Eliphaz tells Job what he must do; let us read his bill of directions: "Acquaint now thyself with him." Here is a call to mental action. Job is invited to bethink himself. He is exhorted to put himself at the right point of view. Instead of dealing with social questions and personal details, the seer invites the smitten patriarch to betake himself to the sanctuary, and to work out the whole solution in the fear and love of God. There are amongst men questions that are supreme and questions that are inferior. Who would care for the inferior if he could solve the supreme, and fill himself with all the mystery of Deity? What are all our inventions, arts, sciences, and cleverest tricks, and boldest adventures into the region of darkness, compared with the possibility of knowing human thought—the power of removing the veil that separates man from man, and looking into the arcana of another soul? But this is kept back from us. We are permitted to dig foundations, to build towers and temples; we are allowed to span rivers with bridges, and bore our way through rocky hills; but we cannot tell what the least little child is thinking about. Given the possibility that a man may, by a certain process of study, qualify himself to read all that is in our minds, who would not avail himself of that opportunity with eagerness and gratitude! All other learning would be contemptible in comparison with an attainment so vast and useful. This is the explanation of men spending their days over crucibles, in hidden places, in darkened dungeons, seeking in the crucible for the particular Something that would dissolve everything that was hard, and reveal everything that was dark. This is the meaning of the quest in which men have been engaged for the Sangreal, the philosopher's stone—that marvellous and unnamable something which, if a man had, he would open every kingdom and be at home in every province of the universe. You cannot kill that mysterious ambition of the human heart. It will come up in some form. It is the secret: of progress. Even when men say they have renounced the quest, they may be most busily engaged in the pursuit; when they seem to be most practical and soberminded, and to have given up all thought whatever of sitting upon the circle of the heavens, there may be something in their hearts which says, You are only resting awhile; even yet you will receive the secret, and turn it to highest uses. All this leads to the uppermost thought, namely, that if a man could acquaint himself with God, live with God, would not that be the very highest attainment of all? If he could enter the tabernacles of the Most High, and survey the universe from the altar where burns the Shekinah, what would all other attainments and acquisitions amount to? Yet this is the thing to be aimed at: grow in grace; grow in all life; for it means, in its fruition, acquaintance with God, identification with God, absorption in God; living, moving, having the being in God; taking God's view of everything; made radiant with God's wisdom, and calm with God's peace. Assuming that to be a possibility, how all the kingdoms of the world, and the glory thereof, fade away into the dim distance! How grandly some of the old seers now and again touched the vital point; and how the ages have thrilled with their touch, knowing that at last they had left detail and cloud and mystification, and touched the very pulse of things! Here stands the great truth, the eternal verity: until we have acquainted ourselves with God, by means prescribed in God's own book, our knowledge is ignorance, and our mental acquisitions are but so many proofs of our mental incapacity. Eliphaz, therefore, lifts up the whole discussion to a new level. He will not point to this wound or that, to the sore boil or blain, to the withering skin, to the patriarch's pitiful physical condition; he begins now to touch the great mystery of things, namely, that God is in all the cloud of affliction, in all the wilderness of poverty, and that to know his purpose is to live in his tranquillity.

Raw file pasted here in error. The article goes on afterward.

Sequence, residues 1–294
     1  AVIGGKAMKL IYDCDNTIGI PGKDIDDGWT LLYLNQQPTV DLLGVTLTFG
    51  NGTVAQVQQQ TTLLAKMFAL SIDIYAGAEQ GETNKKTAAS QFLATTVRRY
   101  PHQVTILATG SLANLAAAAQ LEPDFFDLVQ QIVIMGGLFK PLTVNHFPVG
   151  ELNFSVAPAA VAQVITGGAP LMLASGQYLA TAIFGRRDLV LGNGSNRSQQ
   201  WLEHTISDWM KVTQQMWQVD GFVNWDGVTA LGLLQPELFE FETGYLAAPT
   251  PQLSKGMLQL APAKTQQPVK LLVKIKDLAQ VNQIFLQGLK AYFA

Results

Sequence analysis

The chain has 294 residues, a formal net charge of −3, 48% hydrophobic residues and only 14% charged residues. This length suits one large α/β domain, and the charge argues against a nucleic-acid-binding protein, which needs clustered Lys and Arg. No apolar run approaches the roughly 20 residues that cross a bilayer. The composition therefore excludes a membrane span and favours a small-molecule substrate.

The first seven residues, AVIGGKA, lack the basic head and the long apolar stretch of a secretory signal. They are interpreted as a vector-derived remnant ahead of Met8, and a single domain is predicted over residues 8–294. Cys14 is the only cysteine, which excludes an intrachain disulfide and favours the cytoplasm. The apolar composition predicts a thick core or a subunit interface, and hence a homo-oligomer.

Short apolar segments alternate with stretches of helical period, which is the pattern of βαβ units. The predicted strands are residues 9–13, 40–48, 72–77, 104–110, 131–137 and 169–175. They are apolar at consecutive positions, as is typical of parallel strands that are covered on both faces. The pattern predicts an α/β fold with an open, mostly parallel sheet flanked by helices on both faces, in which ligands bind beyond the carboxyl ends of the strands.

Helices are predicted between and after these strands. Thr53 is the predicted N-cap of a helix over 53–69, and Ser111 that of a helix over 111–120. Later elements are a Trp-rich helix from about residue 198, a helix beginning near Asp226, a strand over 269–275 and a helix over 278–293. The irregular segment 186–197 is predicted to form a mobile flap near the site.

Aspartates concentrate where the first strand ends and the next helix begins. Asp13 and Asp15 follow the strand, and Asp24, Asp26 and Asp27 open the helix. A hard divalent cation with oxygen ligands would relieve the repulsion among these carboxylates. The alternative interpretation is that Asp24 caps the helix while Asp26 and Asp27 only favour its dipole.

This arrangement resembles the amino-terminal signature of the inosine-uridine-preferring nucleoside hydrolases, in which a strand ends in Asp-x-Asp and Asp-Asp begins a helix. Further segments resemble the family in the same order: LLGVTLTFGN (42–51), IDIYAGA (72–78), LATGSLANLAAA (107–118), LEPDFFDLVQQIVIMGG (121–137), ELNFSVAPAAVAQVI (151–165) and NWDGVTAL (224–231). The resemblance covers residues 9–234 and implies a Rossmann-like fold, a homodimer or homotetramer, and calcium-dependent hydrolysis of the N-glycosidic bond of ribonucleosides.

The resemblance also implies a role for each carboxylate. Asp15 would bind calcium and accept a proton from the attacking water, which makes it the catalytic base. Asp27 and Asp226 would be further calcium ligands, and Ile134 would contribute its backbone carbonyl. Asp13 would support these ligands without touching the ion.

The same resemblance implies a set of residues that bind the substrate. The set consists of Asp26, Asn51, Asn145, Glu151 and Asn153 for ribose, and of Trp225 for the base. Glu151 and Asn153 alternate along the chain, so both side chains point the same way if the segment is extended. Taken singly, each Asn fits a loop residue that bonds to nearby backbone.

Then Eliphaz says—"Receive, I pray thee, the law from his mouth": do not have second-hand references, do not be content with what other people have said; but go straight to the fountainhead: there is a law—a law of event, accident, progress, providence, retribution; a law of light and darkness; a law that comes and goes like the revolving seasons: there may be even now, poor Job, some scraps of written law: consider everything; take in knowledge from every quarter; if light shall shine from unexpected points, look for it, examine it; if it be light indeed, receive it, and be thankful for it. We need the strong word Law—just as we need great corner-stones in the building, and solid beams here and there in the edifice. There may be in the building an abundance of colour, and gold, and fine artistic display; but somewhere in the building, if it have to stand winter and summer, there must be iron, solid woodwork, massive blocks of stone, and great beams of wood. So in the life-house there may be decoration, intellectual accomplishment, all manner of fancy characteristics and advantages, but if that life-house is to stand when the sea roars, when the mountains shake, when all things are tried, there must be in it depth, solidity, massiveness, obedience to the geometry of the universe, complete harmony with all the forces that secure the stability and permanence of material things. We cannot escape this pressure. We speak about the law as if it infringed liberty; whereas the law is the very secret of liberty, its security, and its crown. Is there any law in our spiritual life, any sovereignty in the very charity which softens our heart? Is there any righteousness behind to account for the beauties that are scattered upon the surface? Is the blossoming at the top of the tree fastened on artificially? or does it come up from the black root and tell that its life is hidden in the sun? We have read of men who, having received the word of God gladly, went out and forgot all about it, and became their old selves again, because there was no deepness of earth—let us say now, because there was no law, righteousness, sovereignty, government, founded upon wisdom and upon the innermost and completest knowledge of human nature.